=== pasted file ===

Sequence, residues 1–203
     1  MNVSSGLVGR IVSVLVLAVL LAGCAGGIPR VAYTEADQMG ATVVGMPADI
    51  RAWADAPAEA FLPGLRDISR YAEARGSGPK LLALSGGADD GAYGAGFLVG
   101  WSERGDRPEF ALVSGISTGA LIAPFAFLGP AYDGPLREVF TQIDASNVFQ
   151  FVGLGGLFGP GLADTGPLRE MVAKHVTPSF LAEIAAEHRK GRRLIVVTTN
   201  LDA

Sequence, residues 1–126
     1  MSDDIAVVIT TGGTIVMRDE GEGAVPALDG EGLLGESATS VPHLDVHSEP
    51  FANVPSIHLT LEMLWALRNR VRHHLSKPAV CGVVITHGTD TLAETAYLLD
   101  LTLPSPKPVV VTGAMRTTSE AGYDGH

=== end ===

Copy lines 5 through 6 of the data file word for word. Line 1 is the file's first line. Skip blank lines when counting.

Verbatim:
   151  FVGLGGLFGP GLADTGPLRE MVAKHVTPSF LAEIAAEHRK GRRLIVVTTN
   201  LDA